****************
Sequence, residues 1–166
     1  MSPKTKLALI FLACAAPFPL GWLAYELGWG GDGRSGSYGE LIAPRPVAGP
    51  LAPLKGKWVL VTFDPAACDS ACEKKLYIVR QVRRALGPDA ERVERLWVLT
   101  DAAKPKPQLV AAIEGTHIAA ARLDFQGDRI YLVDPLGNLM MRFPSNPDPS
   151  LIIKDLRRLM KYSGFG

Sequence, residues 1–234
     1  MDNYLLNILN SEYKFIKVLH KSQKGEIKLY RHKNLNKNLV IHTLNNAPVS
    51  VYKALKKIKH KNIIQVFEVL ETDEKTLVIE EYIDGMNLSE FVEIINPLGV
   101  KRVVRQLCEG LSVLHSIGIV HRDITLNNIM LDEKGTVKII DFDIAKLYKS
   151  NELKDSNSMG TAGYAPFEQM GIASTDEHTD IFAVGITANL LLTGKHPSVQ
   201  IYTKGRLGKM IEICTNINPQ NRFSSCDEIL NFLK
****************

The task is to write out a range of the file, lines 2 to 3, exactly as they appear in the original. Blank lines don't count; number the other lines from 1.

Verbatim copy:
     1  MSPKTKLALI FLACAAPFPL GWLAYELGWG GDGRSGSYGE LIAPRPVAGP
    51  LAPLKGKWVL VTFDPAACDS ACEKKLYIVR QVRRALGPDA ERVERLWVLT